That's a big question which deserves a holistic response, and this plan is a visionary yet practical document which I think rises to that challenge. It sets out actions across transport, housing, energy, food and gardening, waste, nature, jobs and more. It's divided into city-led and community-led actions, which is a useful way of ensuring that both the city and disabled community both take proactive roles in climate action that work well together. The plan is available as an accessible PDF, in Easy Read, and in British Sign Language.
How did Bristol do it?
If any other cities are working on disabled-led climate action plans, please do let me know about them. This level of community-led planning is not the norm for disabled people, yet, and Bristol's example highlights the benefits of resourcing communities to co-produce plans which ensure their needs and expertise are centred. For that reason, I wanted to find out and share more about how Bristol's plan came about, and what other disabled people's organisations and local administrations could learn from this process.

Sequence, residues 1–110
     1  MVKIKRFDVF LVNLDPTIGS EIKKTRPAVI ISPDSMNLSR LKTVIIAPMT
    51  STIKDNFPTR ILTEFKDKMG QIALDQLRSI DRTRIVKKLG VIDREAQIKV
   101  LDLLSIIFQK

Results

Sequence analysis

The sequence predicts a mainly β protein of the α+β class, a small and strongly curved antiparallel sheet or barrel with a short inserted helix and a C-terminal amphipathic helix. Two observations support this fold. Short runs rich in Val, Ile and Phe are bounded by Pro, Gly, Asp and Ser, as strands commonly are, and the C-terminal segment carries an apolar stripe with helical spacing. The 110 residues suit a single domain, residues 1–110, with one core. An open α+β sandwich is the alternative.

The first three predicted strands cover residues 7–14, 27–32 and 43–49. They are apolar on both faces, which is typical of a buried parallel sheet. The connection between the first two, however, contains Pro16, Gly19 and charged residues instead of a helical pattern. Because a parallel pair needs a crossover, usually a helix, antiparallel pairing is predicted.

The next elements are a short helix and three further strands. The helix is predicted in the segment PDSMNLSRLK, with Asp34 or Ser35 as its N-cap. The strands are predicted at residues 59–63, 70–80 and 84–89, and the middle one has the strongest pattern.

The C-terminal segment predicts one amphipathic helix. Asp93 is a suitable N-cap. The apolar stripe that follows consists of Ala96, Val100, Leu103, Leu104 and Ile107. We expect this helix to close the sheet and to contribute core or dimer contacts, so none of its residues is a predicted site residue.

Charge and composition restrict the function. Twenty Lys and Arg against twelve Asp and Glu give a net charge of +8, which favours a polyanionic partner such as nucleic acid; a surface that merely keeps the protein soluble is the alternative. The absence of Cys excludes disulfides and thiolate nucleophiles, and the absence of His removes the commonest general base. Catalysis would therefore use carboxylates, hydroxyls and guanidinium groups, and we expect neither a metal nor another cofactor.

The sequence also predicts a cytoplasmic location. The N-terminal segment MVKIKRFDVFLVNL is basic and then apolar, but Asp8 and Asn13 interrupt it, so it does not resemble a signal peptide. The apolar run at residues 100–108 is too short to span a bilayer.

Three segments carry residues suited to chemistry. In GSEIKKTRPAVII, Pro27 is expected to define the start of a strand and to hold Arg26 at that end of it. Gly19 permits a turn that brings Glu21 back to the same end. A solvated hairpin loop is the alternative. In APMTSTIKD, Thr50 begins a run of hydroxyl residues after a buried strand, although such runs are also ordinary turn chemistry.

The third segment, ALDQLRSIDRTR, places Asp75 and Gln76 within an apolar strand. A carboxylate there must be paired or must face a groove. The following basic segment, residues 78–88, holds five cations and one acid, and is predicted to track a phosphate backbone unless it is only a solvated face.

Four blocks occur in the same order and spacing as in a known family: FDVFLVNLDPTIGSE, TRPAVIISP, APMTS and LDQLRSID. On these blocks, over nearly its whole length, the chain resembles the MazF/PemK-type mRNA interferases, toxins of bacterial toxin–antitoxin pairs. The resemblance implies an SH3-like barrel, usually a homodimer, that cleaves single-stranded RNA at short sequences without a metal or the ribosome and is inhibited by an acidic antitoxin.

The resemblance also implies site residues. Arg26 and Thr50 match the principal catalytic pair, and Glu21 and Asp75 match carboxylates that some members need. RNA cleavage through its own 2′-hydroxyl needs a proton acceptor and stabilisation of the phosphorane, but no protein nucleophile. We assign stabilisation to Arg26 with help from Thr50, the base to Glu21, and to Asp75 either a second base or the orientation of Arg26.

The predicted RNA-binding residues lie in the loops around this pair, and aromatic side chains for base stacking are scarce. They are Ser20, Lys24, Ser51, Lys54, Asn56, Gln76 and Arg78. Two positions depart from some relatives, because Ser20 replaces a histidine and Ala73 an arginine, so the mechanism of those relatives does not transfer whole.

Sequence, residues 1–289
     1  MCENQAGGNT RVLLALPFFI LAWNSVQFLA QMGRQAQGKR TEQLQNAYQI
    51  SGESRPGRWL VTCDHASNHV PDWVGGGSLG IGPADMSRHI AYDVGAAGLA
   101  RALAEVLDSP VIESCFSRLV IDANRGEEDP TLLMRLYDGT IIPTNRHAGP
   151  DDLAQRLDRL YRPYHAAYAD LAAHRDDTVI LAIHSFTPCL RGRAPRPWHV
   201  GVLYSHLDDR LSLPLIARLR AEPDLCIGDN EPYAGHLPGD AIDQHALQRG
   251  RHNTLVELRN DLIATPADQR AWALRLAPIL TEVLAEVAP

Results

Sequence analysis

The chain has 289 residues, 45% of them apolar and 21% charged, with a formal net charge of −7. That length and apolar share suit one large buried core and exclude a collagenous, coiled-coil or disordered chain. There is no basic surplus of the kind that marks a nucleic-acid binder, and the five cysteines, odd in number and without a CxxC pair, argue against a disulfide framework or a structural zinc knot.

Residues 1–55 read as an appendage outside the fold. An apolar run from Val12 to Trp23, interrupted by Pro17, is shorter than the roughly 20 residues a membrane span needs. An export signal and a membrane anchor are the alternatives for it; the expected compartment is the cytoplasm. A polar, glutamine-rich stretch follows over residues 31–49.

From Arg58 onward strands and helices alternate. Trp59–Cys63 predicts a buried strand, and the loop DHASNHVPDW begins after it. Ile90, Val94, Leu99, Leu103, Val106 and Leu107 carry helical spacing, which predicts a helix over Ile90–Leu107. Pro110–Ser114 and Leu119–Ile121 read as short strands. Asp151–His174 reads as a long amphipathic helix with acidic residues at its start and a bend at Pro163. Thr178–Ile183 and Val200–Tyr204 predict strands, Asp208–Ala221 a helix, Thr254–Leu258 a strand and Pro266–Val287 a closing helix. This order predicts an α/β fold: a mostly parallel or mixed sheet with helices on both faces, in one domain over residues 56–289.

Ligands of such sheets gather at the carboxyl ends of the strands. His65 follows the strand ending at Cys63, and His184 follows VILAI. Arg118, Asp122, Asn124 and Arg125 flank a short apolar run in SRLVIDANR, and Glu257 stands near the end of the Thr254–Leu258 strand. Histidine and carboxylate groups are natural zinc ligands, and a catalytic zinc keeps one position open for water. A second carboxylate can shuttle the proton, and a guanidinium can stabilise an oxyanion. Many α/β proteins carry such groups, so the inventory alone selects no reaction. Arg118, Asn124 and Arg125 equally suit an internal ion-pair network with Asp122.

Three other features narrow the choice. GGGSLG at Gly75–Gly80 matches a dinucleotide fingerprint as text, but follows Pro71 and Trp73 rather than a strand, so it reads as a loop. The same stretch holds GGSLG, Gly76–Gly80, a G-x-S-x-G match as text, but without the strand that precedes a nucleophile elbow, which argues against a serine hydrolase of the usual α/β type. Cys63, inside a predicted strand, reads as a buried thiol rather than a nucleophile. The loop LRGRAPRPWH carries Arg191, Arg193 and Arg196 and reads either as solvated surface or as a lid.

I emailed Dr Emma Geen, project coordinator at Bristol Disability Equality Forum, who has generously shared background and insights on her experience. Here's our exchange.
Áine: What were the key ingredients that made it possible to develop this plan?
Emma: The work was done by the Bristol Disability Equality Forum, which is a DPO [Disabled People's Organisation] that has been around since 1994 and has good links in the city and made it possible to reach lots of Disabled people. The plan was made as part of the Community Climate Action Plan project held by the Bristol Green Capital Partnership that supported 6 disadvantaged communities in Bristol to create their own plan. This meant that they got funding from the National Lottery for us to do the work.
It also meant we had a good link person to the council who could loop me in with whoever I needed to talk to. We were also supported by the Centre for Sustainable Energy. The connections were very useful and nice to have but another DPO could do the same work without them if they can get a grant to pay someone to do the work. I'm employed three days a week for the job.